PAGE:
A Visit to the Marine Mammal Center
April 28, 2015Posted by pamela |
Ever wonder who takes care of the seals, sea lions, and other marine mammals that end up stranded on California's coast? Marin's Marine Mammal Center has been on the scene rescuing and caring for sick, injured, malnourished, and abandoned marine mammals—including elephant seals, seal lions, harbor seals, sea otters, and even whales—since 1975. Currently, the Center has over 200 patients—it's the busiest they've ever been—so it's a great time to visit and learn about what they do.
Located at Fort Cronkhite in the Marin Headlands, the Marin Mammal Center's new $32 million facility opened in the summer of 2009, and offers daily tours, as well as educational activities for the entire family, especially on Marine Science Sundays. It's a wonderful destination as an outing on its own, and as a not-to-miss part of a visit to the Headlands.
Admission and self-guided tours are free of charge. Pick up a guide card from the information desk (remember to return it on your way out) and take a look around. At the back of the center you'll find the pools and pens where the Center's patients stay while recovering. The best place to check out the pens and their residents is from the second floor observation area. There are often volunteer docents stationed here who can answer questions about what you're seeing down below in the enclosures, and who the current patients are. Remember to be quiet here—you're visiting a hospital for sensitive wild animals.
On our recent visit there the Center's hospital was packed with pinnipeds, most of which were sea lions, but with quite a few elephant seals and harbor seals, too. It's a fun place to visit at any time of year, but its busiest in the spring with the appearance of many seal and sea lion pups on the California coast. For some reason this spring is especially busy, with an unusually hight number of abandoned sea lion pups stranded on the coast.
On your visit you can also look into the fish kitchen where meals are prepared for the Center's patients, the chart room, and the laboratory. The Center's classroom is open as well, where you can watch a video (while we were there it was playing a segment from Mike Rowe's Dirty Jobs featuring the Center), work on kids' coloring and activity pages, and explore a variety of marine mammal specimens, including seal, sea lion, and sea otter pelts, skulls, x-rays, photographs, and more.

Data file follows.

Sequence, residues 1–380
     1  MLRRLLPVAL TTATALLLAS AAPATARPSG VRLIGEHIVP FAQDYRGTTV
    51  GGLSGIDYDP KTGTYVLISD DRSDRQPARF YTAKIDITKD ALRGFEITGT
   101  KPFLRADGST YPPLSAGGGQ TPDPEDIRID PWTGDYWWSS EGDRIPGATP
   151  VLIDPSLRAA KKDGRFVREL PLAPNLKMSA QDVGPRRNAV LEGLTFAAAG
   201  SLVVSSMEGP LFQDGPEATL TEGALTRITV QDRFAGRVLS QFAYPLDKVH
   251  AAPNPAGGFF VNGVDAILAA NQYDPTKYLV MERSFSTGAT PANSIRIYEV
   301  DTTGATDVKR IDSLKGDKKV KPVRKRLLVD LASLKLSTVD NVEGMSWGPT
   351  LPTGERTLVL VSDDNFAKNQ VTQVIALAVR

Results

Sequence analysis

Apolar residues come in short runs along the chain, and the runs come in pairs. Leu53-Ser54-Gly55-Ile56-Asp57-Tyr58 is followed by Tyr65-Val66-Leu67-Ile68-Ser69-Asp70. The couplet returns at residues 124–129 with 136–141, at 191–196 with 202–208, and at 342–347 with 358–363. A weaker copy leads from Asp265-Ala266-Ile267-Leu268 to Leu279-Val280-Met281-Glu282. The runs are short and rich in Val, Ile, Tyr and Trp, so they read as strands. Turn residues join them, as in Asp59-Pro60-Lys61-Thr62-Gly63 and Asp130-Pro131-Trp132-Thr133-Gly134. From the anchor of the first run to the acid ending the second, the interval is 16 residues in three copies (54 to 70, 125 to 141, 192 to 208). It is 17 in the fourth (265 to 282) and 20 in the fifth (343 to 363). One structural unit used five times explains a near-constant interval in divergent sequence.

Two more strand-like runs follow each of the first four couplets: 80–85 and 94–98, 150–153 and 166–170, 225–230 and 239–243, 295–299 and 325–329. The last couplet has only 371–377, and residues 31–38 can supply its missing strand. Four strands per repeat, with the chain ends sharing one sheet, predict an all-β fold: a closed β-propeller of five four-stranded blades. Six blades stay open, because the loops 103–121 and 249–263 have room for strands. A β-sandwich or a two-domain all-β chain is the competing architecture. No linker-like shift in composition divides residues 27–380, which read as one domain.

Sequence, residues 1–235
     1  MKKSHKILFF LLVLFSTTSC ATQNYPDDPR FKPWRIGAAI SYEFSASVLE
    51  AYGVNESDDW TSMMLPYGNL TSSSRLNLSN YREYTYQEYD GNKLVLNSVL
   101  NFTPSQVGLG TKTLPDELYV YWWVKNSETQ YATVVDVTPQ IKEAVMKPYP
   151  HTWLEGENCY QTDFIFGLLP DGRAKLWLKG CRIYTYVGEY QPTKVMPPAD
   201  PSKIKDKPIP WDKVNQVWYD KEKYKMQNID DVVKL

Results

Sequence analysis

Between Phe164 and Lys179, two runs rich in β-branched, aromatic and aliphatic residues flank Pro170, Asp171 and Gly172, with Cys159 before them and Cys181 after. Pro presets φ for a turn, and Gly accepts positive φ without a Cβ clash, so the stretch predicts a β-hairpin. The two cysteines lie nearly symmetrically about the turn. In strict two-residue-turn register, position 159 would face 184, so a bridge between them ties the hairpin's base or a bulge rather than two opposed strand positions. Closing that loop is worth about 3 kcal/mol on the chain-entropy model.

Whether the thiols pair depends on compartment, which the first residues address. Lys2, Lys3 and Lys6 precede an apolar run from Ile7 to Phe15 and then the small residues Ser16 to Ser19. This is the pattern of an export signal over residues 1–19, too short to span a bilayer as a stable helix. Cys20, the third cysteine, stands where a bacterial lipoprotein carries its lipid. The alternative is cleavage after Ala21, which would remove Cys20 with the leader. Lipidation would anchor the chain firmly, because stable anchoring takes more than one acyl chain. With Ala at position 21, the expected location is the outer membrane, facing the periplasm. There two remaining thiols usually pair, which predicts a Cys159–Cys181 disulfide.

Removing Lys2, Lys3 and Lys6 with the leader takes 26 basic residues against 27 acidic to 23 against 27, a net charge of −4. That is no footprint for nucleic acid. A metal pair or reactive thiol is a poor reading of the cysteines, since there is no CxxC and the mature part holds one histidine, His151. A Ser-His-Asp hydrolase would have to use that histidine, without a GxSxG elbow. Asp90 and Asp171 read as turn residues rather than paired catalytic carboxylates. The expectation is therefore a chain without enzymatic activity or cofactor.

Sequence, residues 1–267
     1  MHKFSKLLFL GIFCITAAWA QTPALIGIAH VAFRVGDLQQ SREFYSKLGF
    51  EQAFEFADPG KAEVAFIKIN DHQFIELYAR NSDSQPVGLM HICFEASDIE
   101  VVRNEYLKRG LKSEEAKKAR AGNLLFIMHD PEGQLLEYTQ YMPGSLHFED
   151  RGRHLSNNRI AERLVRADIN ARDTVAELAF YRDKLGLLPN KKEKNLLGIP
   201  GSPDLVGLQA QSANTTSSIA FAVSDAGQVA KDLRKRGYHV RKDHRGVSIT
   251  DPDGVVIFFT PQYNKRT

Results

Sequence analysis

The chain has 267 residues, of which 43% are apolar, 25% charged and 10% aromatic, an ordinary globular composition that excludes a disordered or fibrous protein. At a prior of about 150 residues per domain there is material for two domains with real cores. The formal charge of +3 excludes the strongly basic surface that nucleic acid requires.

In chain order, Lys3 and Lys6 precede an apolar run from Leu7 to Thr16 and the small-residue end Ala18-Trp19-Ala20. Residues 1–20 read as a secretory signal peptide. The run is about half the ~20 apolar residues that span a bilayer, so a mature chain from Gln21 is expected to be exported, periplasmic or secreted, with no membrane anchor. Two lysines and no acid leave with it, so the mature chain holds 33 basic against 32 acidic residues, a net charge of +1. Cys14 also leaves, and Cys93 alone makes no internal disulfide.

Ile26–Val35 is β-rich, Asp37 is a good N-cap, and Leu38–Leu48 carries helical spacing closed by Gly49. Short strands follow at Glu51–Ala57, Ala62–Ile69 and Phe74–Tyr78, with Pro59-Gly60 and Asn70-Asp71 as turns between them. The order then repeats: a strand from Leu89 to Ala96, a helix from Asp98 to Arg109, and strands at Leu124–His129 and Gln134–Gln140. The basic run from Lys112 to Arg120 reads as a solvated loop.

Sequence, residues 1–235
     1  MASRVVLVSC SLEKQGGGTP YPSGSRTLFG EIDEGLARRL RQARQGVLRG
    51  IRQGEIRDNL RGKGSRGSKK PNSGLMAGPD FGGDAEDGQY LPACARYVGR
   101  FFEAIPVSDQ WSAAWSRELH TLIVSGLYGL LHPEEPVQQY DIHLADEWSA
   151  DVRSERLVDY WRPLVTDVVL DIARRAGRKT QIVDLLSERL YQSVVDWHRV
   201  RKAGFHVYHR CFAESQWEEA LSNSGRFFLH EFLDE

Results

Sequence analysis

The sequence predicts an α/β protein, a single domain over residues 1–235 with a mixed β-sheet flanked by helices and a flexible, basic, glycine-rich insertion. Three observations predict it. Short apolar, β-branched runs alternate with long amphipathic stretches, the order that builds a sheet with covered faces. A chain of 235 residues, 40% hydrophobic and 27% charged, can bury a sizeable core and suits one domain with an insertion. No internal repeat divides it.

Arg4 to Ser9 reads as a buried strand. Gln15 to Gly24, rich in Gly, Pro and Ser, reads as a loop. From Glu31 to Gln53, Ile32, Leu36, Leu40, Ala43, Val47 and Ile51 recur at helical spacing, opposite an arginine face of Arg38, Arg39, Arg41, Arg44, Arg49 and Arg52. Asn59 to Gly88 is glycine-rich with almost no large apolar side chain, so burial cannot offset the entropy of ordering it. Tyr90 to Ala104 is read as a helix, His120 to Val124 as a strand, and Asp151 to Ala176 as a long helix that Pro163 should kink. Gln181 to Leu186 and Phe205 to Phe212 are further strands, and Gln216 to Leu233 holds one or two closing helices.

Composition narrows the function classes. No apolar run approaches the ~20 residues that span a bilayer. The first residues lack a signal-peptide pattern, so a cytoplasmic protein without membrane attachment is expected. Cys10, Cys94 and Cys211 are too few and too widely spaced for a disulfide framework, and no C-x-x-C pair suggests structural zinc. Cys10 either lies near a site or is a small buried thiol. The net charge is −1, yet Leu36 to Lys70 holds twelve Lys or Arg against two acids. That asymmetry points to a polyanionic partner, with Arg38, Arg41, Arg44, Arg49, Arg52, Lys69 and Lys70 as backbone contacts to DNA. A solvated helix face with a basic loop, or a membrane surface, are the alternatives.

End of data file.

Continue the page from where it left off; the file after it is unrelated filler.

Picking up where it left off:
If you're there on one of the Marine Mammal Center's Marine Science Sundays, your family can take part in free themed educational activities in the classroom. May's theme is Back from the Brink: Saving Species, and programs are offered on May 10 and 24 from 10 am to 5 pm. We had a chance to attend a Marine Science Sunday program in April, and it was a lot of fun and really informative. It's perfect for kids of all ages, but those ages 7 to 14 will probably get the most out of it.
Get more out of your visit by taking a docent-led tour or an audio tour of the Marin Mammal Center facility. Docent-led tours include insights into the workings of the Center and stories about its patients. Tours cost $9 for adults; $5 for students 5–17, seniors 65+, and Marine Mammal Center members (plus a guest); and are free for children 4 and under. Tours are also free if you become a member on that day!
Tours last about an hour and take place Fridays and Mondays at 1 and 3 pm, and Saturdays and Sundays at 11 am and 1 and 3 pm. During school breaks (winter break, spring break and summer vacation) tours are offered daily at 11 am, 1 pm, 3 pm.
If you'd rather go at your own pace, you can rent an audio tour at the gift shop. Audio tours last approximately 35–45 minutes and can be taken in any order you wish. You'll get to listen to the story of the Marine Mammal Center as told by some of its most experienced staff. Audio tours cost the same as docent tours. You can get a $2 discount on either tour by printing out and presenting this PDF flyer at the Center during your visit.
Private group tours (for groups of 10 or more) and hands-on school tours and programs are available and must be booked in advance. Visit their website for more information on how to schedule and book your tour.
All tour fees go to funding the Center and caring for its patients. You can also "adopt" a marine mammal: for $30 and up you can support a seal, sea lion, sea otter, or other patient and get an adoption certificate and even plush toys and books. See the full adoption lineup online here.
If You Go
The Marine Mammal Center is open every day—except Thanksgiving, Christmas, and New Year's Day—from 10 am–5 pm. It's located at 2000 Bunker Road at Fort Cronkhite in the Marin Headlands near Sausalito.
To get there, take 101 to the last Sausalito exit before the Golden Gate Bridge (exit 442). At the stop sign, turn right onto Alexander Avenue and follow it under the freeway. Take your first available left turn onto Danes Drive, then head through the incredibly long Bunker Road tunnel (it's one-way only, so you may have to wait at the entrance for up to five minutes). Follow Bunker Road into the Marin Headlands and to Fort Cronkhite. Bear right up the hill and follow the signs to the Marine Mammal Center. Parking spaces are located in front of the Center's building, but spaces are limited.
The Marine Mammal Center has clean restrooms and a gift shop (open 10 am–5 pm daily). There's no food available on-site or anywhere else in the area for that matter, so bring your own. There's a small picnic area—with fantastic Pacific views—at the Center, and you'll find more picnic spots down the road near Rodeo Beach or elsewhere around the Headlands.
For more information about visiting the Marine Mammal Center, call them at (415) 289-7325 or visit them online at www.marinmammalcenter.org.
To report a stranded seal, sea lion, or other marine mammal, call the Center's 24-hour rescue hotline at (415) 289-SEAL (7325).